A block cipher is just something that takes a block (usually 128 bits) and a key as input and spits out another block of the same size, there’s no concept of an IV yet. You use a block cipher in an encryption “mode” (e.g. ECB, CBC, OFB, OCB, etc.) The encryption mode is how you turn the block cipher (which can only encrypt a small block of data) into something that can encrypt a bigger chunk of data. It’s the encryption mode that usually has an IV.

For example, AES Cipher Block Chaining (CBC) works by XORing the previous block with the current block. The very first block has no previous block, so the IV is XORed with it.

The short explanation of IVs is:

  • IVs should be random and generated by a CSPRNG.
  • IVs should not be reused. That is, don’t encrypt plaintext “A” and plaintext “B” with the same IV. Everytime you want to encrypt something, make a new IV.
  • IVs are not secret. They can be stored in plaintext along with the cipher text.

$dataCrypted=openssl_encrypt(json_encode($data),'aes128',$password,false,$iv);

The last line encrypts the message with the password and the IV. The defaults for AES-128 are used here. Which I think openssl_encrypt defaults to AES-128-CBC. This mode can be attacked by using crafted plaintext and IV. You’ll be able to recover the data easily if the IV isn’t random.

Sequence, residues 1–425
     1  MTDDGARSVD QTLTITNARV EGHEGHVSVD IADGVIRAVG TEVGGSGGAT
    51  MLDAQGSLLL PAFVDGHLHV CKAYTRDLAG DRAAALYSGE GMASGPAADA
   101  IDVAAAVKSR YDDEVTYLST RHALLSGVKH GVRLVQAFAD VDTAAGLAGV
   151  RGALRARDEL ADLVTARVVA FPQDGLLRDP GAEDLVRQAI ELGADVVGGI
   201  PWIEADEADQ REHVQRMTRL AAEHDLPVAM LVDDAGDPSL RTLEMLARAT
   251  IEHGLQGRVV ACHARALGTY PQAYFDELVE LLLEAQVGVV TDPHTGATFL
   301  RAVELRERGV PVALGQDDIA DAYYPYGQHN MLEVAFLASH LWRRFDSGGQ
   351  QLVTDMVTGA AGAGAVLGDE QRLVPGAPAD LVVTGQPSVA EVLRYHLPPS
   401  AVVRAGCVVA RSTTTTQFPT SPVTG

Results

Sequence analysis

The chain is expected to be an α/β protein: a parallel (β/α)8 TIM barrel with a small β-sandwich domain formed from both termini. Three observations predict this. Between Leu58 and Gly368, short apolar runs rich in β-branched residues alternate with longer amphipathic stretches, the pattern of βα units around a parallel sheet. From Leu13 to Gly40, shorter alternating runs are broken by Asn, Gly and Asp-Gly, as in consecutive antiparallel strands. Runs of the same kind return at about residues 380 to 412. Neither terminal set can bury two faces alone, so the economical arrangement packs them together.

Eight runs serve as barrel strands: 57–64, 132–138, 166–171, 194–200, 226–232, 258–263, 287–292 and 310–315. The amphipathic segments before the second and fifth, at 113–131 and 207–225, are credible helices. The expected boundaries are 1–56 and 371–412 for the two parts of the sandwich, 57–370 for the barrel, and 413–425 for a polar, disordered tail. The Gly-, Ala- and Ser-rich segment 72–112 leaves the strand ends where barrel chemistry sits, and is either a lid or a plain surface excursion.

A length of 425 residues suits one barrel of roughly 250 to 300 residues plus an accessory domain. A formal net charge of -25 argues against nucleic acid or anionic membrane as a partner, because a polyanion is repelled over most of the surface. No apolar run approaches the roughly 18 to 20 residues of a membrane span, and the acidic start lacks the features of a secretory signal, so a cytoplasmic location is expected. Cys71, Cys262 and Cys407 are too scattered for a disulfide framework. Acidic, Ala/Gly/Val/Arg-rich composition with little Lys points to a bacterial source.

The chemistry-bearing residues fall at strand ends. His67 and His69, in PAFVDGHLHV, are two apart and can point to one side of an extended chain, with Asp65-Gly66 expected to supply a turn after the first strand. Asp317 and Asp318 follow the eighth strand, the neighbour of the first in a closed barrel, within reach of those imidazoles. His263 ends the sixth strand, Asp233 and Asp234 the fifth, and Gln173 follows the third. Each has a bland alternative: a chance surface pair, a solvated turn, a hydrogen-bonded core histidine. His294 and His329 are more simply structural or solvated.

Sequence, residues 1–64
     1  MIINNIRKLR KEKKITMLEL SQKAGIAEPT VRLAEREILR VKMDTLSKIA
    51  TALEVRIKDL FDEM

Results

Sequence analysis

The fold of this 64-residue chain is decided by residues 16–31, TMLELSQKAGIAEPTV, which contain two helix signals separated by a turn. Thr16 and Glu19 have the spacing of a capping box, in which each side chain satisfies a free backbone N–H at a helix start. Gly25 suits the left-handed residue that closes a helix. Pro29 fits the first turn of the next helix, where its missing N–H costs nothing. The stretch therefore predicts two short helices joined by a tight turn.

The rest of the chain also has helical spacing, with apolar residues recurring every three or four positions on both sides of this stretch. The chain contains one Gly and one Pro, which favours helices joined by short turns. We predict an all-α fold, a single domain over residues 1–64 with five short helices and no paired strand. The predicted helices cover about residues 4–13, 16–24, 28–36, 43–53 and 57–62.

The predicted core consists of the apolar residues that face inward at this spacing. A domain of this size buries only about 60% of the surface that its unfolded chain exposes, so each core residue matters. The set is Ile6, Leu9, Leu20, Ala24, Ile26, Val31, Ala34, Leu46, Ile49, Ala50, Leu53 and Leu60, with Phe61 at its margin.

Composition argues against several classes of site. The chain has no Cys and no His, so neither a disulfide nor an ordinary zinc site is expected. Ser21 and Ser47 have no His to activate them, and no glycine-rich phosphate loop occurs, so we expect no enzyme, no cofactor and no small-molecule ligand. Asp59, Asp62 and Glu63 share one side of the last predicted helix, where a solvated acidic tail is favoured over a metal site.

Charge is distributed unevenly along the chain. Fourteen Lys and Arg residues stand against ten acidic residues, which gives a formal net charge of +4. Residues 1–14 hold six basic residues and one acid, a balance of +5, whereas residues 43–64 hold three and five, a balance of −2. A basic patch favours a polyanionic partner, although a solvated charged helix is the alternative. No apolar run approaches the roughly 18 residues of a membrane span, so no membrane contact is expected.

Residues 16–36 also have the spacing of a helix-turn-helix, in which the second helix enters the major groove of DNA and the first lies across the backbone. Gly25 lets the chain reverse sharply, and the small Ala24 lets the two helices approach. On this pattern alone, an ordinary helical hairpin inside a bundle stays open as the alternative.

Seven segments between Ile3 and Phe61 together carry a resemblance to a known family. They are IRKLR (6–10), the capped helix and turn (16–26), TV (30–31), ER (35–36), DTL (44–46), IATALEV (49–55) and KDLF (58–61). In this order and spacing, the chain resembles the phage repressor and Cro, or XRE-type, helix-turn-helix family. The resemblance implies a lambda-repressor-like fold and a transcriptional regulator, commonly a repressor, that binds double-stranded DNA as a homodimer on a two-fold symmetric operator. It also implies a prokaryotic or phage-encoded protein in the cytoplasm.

A few notes to make here. The average developer should AVOID any library that tries to make the developer think about what encrypting mode to use. They should use libraries that just do the right thing so the dev doesn’t have to think about it.

For example in libsodium, a good crypto library, there are practically 0 options to tweak, the library has been designed to just be secure and easy to use.

Phew! This was a long post, but I hope you’ll learn some new things from it.

A quick recap:

  • Don’t use libraries with multiple options until you know what you’re doing.
  • Do not make your own cryptography code without getting audits and proper knowledge!
  • Study some cryptography basics.

The Bad Encryption Code

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// Create random key
$password = sha1(microtime(true) . rand());
// Encrypt the key (given private key = key.private)
openssl_private_encrypt($password, $passwordCrypted, file_get_contents("key.private"), OPENSSL_PKCS1_OAEP_PADDING);
// Base 64 encoding
$passwordCrypted = base64_encode($passwordCrypted);
// Create IV, here I just make IV based on key, to simplify the process
$iv = substr(md5($passwordCrypted), 0, 16);
// Finally, encrypt data with the generated key
$dataCrypted = openssl_encrypt(json_encode($data), 'aes128', $password, false, $iv);

The Bad Decryption Code

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// Decrypt the key
openssl_public_decrypt(base64_decode($passwordCrypted), $passwordDecrypted, file_get_contents("key.pub"));
// Get the IV
$iv = substr(md5($passwordCrypted), 0, 16);
// Decrypt the data
$dataDecrypted = json_decode(openssl_decrypt($dataCrypted, 'aes128', $passwordDecrypted, false, $iv, OPENSSL_PKCS1_OAEP_PADDING));